17. The apparatus of claim 14, wherein the first operating point of the first processing element includes access to a first number of ways of a cache memory and the second operating point of the second processing element includes access to a second number of ways of the cache memory, the first number of ways being greater than the second number of ways.
18. An apparatus comprising:
priority usage logic to indicate utilization of a resource associated with a first priority level and utilization of the resource associated with a second priority level, wherein the first priority level is lower than the second priority level; and
priority aware management logic coupled to the priority usage logic to reduce an operating point of a first processing element, which is to be associated with a software entity of the first priority level, in response to the utilization of the resource associated with the first priority level being above a predefined utilization amount.
19. The apparatus of claim 18, wherein the first operating point of the first processing element includes a first rate of the first processing element, and the second operating point of the second processing element includes a second rate of the second processing element, the first rate being greater than the second rate.
20. The apparatus of claim 18, wherein the first operating point of the first processing element includes a first allocation amount of the resource, and the second operating point of the second processing element includes a second allocation amount of the resource, the first allocation amount being greater than the second allocation amount.
21. The apparatus of claim 18, wherein the first operating point of the first processing element includes access to a first portion of a cache memory and the second operating point of the second processing element includes access to a second portion of the cache memory, the first portion being greater than the second portion.
22. The apparatus of claim 21, wherein the priority usage logic includes tracking logic to track a first number of entries in the cache memory associated with the first priority level and a second number of entries associated with the second priority level.
23. The apparatus of claim 18, wherein the first operating point of the first processing element includes a first number of credits to access a memory and the second operating point of the second processing element includes a second number of credits to access the memory, the first number of credits being greater than the second number of credits.
24. The apparatus of claim 23, wherein the priority usage logic includes tracking logic to track a third number of credits issued to the first processing element for accessing the memory and a fourth number of credits issued to the second processing element for accessing the memory.
Description
FIELD

This invention relates to the field of processors and, in particular, to providing Quality of Service (QoS) in a computer system.

BACKGROUND

Advances in semi-conductor processing and logic design have permitted an increase in the amount of logic that may be present on integrated circuit devices. As a result, computer system configurations have evolved from a single or multiple integrated circuits in a system to multiple cores and multiple logical processors present on individual integrated circuits. A processor or integrated circuit typically comprises a single processor die, where the processor die may include any number of processing resources, such as cores, threads, and/or logical processors.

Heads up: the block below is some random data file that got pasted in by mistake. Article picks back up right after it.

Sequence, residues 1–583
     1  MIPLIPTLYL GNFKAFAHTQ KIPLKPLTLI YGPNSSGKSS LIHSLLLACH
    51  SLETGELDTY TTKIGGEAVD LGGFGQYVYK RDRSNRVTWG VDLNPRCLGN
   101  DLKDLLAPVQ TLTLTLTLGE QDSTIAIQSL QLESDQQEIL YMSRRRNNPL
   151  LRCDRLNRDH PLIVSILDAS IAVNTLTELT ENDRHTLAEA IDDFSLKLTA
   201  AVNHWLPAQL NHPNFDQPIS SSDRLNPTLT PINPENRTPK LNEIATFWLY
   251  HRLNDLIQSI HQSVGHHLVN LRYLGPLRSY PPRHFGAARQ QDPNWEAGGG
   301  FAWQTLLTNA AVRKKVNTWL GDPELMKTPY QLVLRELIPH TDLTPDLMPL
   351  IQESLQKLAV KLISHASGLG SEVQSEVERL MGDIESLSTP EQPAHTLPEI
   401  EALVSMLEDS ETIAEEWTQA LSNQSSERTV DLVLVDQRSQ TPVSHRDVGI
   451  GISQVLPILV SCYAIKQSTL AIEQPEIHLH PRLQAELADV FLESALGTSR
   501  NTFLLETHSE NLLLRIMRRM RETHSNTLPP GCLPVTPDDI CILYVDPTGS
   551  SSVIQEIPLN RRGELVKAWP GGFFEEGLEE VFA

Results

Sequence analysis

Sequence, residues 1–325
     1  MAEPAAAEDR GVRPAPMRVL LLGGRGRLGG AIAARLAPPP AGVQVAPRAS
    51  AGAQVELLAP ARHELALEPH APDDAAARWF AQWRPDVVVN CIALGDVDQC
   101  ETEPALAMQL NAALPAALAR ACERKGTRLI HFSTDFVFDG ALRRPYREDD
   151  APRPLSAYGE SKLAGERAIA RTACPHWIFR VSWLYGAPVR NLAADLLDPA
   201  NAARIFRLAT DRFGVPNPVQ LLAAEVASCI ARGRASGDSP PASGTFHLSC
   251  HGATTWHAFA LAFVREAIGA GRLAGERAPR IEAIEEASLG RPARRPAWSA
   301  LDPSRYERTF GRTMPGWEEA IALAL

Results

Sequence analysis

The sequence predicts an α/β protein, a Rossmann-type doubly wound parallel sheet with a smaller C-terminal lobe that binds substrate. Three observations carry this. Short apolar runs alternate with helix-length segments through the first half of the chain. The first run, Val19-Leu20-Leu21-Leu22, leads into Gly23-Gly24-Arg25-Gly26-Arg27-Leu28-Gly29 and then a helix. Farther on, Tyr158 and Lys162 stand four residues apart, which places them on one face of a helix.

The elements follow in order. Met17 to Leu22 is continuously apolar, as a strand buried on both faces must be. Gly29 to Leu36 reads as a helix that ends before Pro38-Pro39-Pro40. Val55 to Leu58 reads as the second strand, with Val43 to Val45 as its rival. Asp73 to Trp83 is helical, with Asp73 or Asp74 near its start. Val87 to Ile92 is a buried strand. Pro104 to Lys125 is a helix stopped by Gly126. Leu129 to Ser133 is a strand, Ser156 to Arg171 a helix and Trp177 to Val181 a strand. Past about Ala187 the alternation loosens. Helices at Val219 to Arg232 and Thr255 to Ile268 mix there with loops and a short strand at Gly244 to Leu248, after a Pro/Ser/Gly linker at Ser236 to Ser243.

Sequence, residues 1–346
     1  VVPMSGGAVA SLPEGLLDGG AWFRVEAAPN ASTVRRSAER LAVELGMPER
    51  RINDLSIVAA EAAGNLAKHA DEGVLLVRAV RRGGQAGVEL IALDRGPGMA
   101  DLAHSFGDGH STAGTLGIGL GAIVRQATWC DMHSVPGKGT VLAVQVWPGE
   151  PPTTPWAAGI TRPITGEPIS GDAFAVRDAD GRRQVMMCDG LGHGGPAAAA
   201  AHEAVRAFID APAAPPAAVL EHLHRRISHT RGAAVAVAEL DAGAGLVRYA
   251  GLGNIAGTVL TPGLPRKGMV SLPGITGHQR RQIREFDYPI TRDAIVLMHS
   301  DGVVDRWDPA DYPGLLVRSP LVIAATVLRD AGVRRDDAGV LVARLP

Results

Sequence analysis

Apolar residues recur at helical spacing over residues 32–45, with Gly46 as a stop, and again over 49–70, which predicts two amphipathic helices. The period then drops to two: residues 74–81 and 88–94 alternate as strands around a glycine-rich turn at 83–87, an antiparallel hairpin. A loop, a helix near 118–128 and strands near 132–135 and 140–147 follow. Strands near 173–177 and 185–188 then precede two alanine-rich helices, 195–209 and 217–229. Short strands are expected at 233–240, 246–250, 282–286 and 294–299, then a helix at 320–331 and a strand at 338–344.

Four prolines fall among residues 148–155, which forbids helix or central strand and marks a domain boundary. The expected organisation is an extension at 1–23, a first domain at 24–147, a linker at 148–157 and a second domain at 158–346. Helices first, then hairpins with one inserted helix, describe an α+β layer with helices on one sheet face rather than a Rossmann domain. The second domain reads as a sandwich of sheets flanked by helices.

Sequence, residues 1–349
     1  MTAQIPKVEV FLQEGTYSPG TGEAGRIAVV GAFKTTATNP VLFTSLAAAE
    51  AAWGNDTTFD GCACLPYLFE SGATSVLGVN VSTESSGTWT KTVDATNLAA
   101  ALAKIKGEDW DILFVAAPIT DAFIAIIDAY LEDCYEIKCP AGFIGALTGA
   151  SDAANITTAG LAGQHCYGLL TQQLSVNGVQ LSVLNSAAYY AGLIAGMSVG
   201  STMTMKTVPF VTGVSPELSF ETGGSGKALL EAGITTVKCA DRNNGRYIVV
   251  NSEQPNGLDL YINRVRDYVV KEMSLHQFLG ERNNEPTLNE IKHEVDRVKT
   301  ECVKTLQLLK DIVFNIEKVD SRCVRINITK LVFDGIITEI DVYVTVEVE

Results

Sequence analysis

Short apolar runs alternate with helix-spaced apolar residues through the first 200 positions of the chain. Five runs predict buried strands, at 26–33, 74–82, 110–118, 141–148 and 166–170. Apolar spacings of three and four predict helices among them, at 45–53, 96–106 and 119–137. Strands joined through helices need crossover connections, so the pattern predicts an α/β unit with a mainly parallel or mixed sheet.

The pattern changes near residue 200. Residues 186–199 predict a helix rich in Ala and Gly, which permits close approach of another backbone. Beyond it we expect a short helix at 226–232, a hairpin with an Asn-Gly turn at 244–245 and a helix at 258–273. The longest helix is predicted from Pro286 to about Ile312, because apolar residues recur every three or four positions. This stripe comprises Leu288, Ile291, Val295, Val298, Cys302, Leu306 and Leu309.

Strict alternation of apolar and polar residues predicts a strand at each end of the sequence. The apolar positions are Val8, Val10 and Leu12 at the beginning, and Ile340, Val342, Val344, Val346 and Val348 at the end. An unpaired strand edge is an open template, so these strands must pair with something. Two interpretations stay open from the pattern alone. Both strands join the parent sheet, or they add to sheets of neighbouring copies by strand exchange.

In processors with multiple threads, the behavior of one thread potentially affects the behavior of another thread on the same processor core due to sharing of resources, such as caches, memory, and power. Often behavior of one thread creates unfairness in the usage of the shared resources and pipelines. In fact, when one thread's performance significantly changes in relation to other threads on the same core, often a large and unpredictable variability in performance from the unbalanced usage of shared resources occurs.

As a result, one thread or core executing a low priority application potentially adversely affects the performance of a core or thread executing a higher priority application. For example, a background application, such as virus scan, may be executing on a first core utilizing enough shared resources to adversely affect the performance of a second core, which is executing a foreground application. Previously, throttling of voltage and frequency has been utilized to save power. However, these efforts typically involve throttling threads or cores without regard to priority of current application, virtual machines, or operating system tasks. In contrast, some efforts have focused on partitioning of resources to provide quality of service to all applications. Yet, partioning without regard to priority or power consumption potentially causes adverse performance and power usage.

BRIEF DESCRIPTION OF THE DRAWINGS

The present invention is illustrated by way of example and not intended to be limited by the figures of the accompanying drawings.

FIG. 1 illustrates an embodiment of a multi-processing element including a priority manager to set operating points of processing elements based on associated application priority.

FIG. 2 a illustrates an embodiment of power/performance logic capable of modifying rates of processing elements and allocation of a shared resource.

FIG. 2 b illustrates an embodiment of power/performance logic capable of modifying rates of processing elements and allocation of a cache memory.

FIG. 3 illustrates an embodiment of power/performance logic capable of modifying rates of processing elements and allocation memory bandwidth.

DETAILED DESCRIPTION